Jacinda and Grant are heroic when it comes to big calls in the midst of crisis, but when it comes to actual progressive reform, they are as Bernard Hickey points out, still peddling tinkering rather than transformative change…
The global response to Covid-19 has turbo-charged this doom loop with over US$26tn of fresh government spending and central bank money printing, most of which went directly to corporates and asset owners in the form of grants, much higher asset prices and lower borrowing costs.
The numbers are just as obvious here. The Reserve Bank has printed just over $52bn to lower mortgage rates, which has lifted the value of property assets by more than $400bn. The government handed over $16.6bn to businesses during Covid to convince them not to sack staff. It worked, but it also meant businesses have banked an extra $20bn over the last year. Many businesses were backed by government guarantees, policy changes and subsidies, including for aviation, freight, selected tourism businesses and banks.
But repeated calls to increase welfare spending in line with the Welfare Experts Advisory Group’s recommendation for a permanent $5.2bn per year increase in benefits has been brushed away by Ardern and Robertson, who argue the nation can’t afford it. The same could be said for new infrastructure and state housing spending, which is set to be less than 5% of GDP and well short of what America and other developed countries are talking about.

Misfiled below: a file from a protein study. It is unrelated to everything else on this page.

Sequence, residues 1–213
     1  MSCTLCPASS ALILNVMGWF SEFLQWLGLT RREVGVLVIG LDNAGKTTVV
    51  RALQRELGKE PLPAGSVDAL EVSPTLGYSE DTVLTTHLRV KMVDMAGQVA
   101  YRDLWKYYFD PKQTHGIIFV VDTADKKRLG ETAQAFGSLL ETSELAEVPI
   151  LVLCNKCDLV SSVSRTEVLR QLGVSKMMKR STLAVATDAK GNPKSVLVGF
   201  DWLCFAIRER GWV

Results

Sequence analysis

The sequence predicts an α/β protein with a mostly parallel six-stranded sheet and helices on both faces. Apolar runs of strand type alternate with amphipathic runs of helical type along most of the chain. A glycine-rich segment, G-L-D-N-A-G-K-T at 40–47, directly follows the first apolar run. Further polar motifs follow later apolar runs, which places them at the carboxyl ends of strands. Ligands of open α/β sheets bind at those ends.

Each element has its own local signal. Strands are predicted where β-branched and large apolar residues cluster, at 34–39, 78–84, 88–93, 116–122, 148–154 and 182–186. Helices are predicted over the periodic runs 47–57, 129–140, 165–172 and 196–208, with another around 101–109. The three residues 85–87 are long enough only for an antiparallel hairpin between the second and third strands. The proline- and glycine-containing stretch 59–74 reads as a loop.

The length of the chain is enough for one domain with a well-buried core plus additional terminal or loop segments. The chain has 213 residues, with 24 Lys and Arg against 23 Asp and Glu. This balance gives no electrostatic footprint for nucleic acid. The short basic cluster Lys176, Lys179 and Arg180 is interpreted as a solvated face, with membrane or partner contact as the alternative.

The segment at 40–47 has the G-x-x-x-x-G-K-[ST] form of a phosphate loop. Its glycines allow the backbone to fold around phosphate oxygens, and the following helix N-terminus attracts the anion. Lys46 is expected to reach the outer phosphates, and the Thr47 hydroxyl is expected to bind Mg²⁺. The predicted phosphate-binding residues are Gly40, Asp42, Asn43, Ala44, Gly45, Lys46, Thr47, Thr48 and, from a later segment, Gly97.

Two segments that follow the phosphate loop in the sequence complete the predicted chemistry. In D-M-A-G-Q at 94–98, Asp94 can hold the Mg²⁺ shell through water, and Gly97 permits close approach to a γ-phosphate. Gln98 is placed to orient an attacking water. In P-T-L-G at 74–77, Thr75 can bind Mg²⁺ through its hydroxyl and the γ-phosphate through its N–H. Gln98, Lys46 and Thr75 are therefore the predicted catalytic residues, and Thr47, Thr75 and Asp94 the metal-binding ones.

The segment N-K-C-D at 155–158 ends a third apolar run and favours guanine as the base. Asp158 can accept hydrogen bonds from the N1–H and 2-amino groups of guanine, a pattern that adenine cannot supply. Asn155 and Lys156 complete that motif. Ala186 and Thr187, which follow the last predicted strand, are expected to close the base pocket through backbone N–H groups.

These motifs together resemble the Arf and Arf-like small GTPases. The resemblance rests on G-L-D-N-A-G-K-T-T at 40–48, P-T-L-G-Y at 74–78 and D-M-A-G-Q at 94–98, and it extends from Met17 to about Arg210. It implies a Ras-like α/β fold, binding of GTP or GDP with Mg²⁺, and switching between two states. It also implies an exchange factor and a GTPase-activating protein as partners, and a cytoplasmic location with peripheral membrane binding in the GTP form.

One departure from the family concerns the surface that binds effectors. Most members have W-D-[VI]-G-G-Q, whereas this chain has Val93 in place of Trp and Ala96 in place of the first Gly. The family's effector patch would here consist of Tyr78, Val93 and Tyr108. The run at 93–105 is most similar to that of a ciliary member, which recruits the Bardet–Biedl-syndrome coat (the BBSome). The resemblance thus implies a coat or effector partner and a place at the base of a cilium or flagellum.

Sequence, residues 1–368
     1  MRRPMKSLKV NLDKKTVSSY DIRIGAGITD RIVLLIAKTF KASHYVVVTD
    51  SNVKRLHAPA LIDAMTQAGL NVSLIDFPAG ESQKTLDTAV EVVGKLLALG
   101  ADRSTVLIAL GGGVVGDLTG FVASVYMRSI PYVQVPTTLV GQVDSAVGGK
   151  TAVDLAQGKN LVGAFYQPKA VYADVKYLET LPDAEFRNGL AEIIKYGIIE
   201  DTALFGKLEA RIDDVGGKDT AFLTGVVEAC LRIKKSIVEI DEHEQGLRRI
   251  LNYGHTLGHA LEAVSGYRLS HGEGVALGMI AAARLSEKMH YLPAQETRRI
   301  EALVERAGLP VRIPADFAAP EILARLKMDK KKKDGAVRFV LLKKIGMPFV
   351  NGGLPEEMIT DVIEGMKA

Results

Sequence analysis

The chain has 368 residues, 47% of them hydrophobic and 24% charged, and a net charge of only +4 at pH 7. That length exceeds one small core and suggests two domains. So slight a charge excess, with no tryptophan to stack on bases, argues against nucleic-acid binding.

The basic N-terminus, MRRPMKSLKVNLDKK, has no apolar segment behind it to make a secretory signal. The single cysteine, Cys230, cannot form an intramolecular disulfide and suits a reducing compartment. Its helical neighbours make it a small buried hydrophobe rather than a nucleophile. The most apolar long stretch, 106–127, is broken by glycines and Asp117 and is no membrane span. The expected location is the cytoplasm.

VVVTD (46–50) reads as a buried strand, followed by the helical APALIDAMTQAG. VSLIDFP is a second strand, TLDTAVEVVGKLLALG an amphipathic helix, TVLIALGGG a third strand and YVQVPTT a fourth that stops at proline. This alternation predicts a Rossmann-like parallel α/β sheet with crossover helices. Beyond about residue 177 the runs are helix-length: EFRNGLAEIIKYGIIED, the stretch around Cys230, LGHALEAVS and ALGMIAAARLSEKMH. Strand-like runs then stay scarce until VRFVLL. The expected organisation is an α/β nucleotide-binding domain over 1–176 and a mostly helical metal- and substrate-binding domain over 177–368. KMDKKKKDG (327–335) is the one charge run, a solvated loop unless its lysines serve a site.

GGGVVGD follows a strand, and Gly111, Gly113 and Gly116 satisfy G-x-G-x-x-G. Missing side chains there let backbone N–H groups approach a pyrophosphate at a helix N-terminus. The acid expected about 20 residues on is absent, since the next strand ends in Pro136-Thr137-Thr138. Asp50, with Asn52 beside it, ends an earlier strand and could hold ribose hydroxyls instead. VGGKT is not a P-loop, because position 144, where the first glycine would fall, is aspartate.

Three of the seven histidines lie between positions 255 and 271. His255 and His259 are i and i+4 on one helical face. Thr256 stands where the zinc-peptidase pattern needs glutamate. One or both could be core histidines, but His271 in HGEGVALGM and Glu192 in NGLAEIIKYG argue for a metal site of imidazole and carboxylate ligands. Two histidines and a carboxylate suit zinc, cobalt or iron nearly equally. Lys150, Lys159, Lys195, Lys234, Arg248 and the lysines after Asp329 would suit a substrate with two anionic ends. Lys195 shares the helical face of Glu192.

Ardern and Robertson have prioritised debt reduction and are now at the fiscally conservative end of the advanced economy spectrum. New Zealand’s public net debt is barely 32% of GDP, less than a third of the average of developed economies with similar credit ratings. That’s despite interest costs falling at the same time as rising debt, which is the exact opposite of the pre-GFC orthodoxy that believed lower government debt would be good for economies and avoid higher interest rates.